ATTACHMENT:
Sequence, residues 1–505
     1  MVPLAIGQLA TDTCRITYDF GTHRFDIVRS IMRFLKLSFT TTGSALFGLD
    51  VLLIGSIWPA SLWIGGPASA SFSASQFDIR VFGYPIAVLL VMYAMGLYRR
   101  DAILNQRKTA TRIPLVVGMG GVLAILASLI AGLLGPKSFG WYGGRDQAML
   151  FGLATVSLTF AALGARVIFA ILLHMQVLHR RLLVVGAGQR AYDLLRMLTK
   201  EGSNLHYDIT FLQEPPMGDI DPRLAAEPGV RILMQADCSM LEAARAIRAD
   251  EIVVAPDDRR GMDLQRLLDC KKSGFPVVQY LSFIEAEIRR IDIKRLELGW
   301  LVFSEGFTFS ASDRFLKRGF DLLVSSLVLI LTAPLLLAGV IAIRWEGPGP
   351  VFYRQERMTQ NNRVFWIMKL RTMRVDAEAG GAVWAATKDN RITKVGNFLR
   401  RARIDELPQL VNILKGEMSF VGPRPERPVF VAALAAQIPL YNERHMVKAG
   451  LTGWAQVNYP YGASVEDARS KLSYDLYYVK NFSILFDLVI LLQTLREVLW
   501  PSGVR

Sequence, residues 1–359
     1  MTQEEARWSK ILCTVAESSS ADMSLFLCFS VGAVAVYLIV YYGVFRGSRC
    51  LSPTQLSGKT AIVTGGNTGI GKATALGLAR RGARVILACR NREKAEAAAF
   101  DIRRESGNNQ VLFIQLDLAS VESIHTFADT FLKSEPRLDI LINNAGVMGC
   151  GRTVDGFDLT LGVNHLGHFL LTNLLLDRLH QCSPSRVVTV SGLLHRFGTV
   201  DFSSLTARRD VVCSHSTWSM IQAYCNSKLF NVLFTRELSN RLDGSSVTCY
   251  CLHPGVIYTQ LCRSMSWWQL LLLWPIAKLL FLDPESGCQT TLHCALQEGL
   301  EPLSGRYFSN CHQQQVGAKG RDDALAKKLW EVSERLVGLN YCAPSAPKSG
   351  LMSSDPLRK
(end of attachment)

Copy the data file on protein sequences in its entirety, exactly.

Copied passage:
Sequence, residues 1–505
     1  MVPLAIGQLA TDTCRITYDF GTHRFDIVRS IMRFLKLSFT TTGSALFGLD
    51  VLLIGSIWPA SLWIGGPASA SFSASQFDIR VFGYPIAVLL VMYAMGLYRR
   101  DAILNQRKTA TRIPLVVGMG GVLAILASLI AGLLGPKSFG WYGGRDQAML
   151  FGLATVSLTF AALGARVIFA ILLHMQVLHR RLLVVGAGQR AYDLLRMLTK
   201  EGSNLHYDIT FLQEPPMGDI DPRLAAEPGV RILMQADCSM LEAARAIRAD
   251  EIVVAPDDRR GMDLQRLLDC KKSGFPVVQY LSFIEAEIRR IDIKRLELGW
   301  LVFSEGFTFS ASDRFLKRGF DLLVSSLVLI LTAPLLLAGV IAIRWEGPGP
   351  VFYRQERMTQ NNRVFWIMKL RTMRVDAEAG GAVWAATKDN RITKVGNFLR
   401  RARIDELPQL VNILKGEMSF VGPRPERPVF VAALAAQIPL YNERHMVKAG
   451  LTGWAQVNYP YGASVEDARS KLSYDLYYVK NFSILFDLVI LLQTLREVLW
   501  PSGVR

Sequence, residues 1–359
     1  MTQEEARWSK ILCTVAESSS ADMSLFLCFS VGAVAVYLIV YYGVFRGSRC
    51  LSPTQLSGKT AIVTGGNTGI GKATALGLAR RGARVILACR NREKAEAAAF
   101  DIRRESGNNQ VLFIQLDLAS VESIHTFADT FLKSEPRLDI LINNAGVMGC
   151  GRTVDGFDLT LGVNHLGHFL LTNLLLDRLH QCSPSRVVTV SGLLHRFGTV
   201  DFSSLTARRD VVCSHSTWSM IQAYCNSKLF NVLFTRELSN RLDGSSVTCY
   251  CLHPGVIYTQ LCRSMSWWQL LLLWPIAKLL FLDPESGCQT TLHCALQEGL
   301  EPLSGRYFSN CHQQQVGAKG RDDALAKKLW EVSERLVGLN YCAPSAPKSG
   351  LMSSDPLRK